Andrew Robins

Published 30 September 2021

Buying Business Assets From an Administrator

Buying the business assets from an administrator or liquidator of an insolvent business may appear to offer a cost-effective way of acquiring a business. However, there are a number of issues that you should consider carefully before taking the plunge.

Unlike a normal commercial purchase, when a business is insolvent, you will not receive any assurances in respect of the assets you are buying. To protect your investment, it is essential to take legal and financial advice to ensure that you fully understand the implications.

Risks of purchasing an insolvent company’s assets

The insolvency practitioner will not offer any warranties or indemnities in respect of the assets. These are normally offered in respect of information provided about ownership of assets, property and IP and issues such as potential legal disputes and claims.

In the case of a purchase from an administrator, you will usually be required to confirm the following:

  • That you understand that no warranties or indemnities are given;
  • That you have relied upon your own investigations into the condition of the assets and have had the chance to inspect them;
  • That you have taken professional advice regarding the risks.

The seller will make it clear in the agreement that in return, you are receiving the assets for a lower price than normal.

You will be granted only ‘such right, title and interest as the seller has,’ which means that you must make sure that you carry out extensive due diligence into the title of the assets to ensure that the insolvency practitioner has the right to sell them and that ownership can transfer to you.

Issues to investigate before buying assets from an insolvent company

Equipment, machinery and stock

Any assets that are leased or that are subject to retention of title by a third party cannot be transferred to a buyer. The sale and purchase agreement will specify that you will not acquire rights to these assets and will detail how items that are subject to retention of title are to be dealt with.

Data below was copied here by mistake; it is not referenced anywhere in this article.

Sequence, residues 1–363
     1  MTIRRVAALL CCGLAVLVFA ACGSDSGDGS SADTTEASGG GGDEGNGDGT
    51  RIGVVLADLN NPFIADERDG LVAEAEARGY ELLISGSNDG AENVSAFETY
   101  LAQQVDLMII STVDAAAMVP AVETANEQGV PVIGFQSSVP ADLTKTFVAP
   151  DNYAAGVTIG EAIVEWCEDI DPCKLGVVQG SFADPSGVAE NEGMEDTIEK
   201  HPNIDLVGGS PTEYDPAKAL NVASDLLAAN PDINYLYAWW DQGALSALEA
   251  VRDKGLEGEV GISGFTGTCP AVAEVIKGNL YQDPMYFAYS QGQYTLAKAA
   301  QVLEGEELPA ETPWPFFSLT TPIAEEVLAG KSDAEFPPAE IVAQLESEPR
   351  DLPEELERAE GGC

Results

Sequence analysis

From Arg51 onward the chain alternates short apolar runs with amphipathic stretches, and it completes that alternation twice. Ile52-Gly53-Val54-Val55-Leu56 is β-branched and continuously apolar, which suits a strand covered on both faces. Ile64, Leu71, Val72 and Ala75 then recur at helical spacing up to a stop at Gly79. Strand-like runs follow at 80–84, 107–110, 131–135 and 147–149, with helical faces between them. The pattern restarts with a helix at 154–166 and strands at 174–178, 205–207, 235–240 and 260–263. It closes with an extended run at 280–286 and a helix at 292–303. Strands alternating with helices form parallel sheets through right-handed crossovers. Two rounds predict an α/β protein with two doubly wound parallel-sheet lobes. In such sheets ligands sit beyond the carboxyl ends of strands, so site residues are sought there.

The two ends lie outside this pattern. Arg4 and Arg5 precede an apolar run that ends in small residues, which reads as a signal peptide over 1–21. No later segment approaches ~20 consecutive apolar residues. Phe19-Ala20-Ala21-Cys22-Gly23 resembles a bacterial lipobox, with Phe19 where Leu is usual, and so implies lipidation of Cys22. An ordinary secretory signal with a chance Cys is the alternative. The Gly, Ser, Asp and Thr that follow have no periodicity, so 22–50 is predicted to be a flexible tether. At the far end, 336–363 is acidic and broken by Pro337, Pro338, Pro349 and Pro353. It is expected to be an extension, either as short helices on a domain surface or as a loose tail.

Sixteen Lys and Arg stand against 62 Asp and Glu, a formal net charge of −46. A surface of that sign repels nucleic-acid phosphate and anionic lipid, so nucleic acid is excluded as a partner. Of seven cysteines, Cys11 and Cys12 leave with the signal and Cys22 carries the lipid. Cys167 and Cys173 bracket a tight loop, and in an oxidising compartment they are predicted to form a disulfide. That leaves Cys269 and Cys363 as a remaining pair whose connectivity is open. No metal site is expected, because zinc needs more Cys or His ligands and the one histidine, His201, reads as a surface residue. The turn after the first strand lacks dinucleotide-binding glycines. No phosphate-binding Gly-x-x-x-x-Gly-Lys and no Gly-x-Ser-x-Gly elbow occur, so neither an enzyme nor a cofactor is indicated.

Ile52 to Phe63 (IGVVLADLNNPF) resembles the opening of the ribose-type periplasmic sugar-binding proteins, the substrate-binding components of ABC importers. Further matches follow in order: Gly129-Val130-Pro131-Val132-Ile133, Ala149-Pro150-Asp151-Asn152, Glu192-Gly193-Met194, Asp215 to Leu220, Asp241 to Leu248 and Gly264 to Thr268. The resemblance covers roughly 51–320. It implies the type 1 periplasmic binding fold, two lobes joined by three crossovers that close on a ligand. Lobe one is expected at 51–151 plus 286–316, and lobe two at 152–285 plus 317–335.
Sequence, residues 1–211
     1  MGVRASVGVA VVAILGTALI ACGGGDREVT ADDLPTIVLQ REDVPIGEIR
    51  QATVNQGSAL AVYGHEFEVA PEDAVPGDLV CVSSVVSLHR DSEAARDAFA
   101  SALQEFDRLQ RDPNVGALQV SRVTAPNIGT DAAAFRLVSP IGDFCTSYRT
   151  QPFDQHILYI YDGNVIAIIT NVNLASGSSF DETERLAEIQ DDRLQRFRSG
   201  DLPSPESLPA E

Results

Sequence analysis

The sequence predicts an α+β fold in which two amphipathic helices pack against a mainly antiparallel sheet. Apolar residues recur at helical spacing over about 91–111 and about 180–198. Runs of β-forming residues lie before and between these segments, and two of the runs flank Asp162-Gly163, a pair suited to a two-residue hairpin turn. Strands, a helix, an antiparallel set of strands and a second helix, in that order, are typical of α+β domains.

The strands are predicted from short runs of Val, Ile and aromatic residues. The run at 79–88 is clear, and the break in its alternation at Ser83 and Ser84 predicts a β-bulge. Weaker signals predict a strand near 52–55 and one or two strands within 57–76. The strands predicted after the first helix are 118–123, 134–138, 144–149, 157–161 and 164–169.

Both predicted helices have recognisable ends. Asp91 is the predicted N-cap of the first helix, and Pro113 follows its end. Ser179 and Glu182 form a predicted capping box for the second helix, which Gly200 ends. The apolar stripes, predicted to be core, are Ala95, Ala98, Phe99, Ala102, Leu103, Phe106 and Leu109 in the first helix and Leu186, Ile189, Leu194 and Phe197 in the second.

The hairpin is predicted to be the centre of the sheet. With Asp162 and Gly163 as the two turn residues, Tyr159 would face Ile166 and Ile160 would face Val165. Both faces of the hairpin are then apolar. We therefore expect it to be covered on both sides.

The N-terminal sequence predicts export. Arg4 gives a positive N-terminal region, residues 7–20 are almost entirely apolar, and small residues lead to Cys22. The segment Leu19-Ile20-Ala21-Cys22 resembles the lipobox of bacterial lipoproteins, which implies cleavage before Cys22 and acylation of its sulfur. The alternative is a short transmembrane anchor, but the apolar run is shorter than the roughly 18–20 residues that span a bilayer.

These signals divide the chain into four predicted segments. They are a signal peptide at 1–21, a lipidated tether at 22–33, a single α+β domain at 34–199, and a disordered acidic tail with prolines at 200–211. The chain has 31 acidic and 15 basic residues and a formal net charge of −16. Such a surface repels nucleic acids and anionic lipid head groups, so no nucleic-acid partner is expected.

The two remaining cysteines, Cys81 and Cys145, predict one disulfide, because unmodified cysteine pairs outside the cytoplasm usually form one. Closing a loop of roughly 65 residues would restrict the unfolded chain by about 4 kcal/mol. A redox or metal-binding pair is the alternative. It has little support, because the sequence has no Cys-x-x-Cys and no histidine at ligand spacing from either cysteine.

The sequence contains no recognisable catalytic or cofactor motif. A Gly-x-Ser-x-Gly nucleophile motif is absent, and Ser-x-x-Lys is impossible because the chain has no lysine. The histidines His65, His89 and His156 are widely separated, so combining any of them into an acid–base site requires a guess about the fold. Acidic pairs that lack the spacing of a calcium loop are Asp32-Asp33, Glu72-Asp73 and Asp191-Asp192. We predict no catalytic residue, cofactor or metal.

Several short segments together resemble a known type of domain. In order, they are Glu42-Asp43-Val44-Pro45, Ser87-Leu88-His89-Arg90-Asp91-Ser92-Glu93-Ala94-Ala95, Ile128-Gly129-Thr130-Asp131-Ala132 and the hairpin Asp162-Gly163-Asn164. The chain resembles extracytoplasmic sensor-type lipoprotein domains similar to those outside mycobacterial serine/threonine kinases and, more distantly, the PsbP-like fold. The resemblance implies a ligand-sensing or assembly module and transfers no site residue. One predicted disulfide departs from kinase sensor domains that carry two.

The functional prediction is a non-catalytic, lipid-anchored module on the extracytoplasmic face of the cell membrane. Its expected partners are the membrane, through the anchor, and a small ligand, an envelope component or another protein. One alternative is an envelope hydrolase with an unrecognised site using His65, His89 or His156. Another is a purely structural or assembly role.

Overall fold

You will be required to indemnify the administrator against any costs or liability in respect of stock subject to a retention of title.

It will be open to you to negotiate a lease of assets from the owner in the usual way.

Intellectual property

Similarly, intellectual property may be on licence from a third party and you would need to negotiate a licence yourself as this will not be automatically transferred when you purchase the business assets.

Commercial property

Taking over the lease of commercial premises from an insolvent company will need the consent of the landlord to an assignment. If securing the property is important to the operation of the business, you should ensure that this can be done before going ahead. The administrator and landlord may offer you a licence to occupy until the lease can be assigned.


If you are buying a business as a going concern, then the Transfer of Undertakings (Protection of Employment) Regulations 2006 will apply and you may find yourself liable for the business’s employees. In this event, you are obliged to comply with the regulations in full, including by consulting with employees about the transfer of the business.

This can be an onerous and complex area with large potential for errors to be made, so it is essential to take expert legal advice before going ahead.

Contact us

At RSW Law, we have wide experience of dealing with asset purchases from administrators. Our advice is practical and we always focus on our clients’ commercial interests. 

If you would like to speak to one of our expert corporate and commercial solicitors, ring us on 020 3146 2989, email us at or fill in our contact form

The legal content provided by RSW Law Limited is for information purposes only and should not be relied on in any specific case without legal or other professional advice.

Copyright is owned by RSW Law Limited and all rights in such copyright are reserved. Material is not to be reproduced in whole or in part without prior written consent.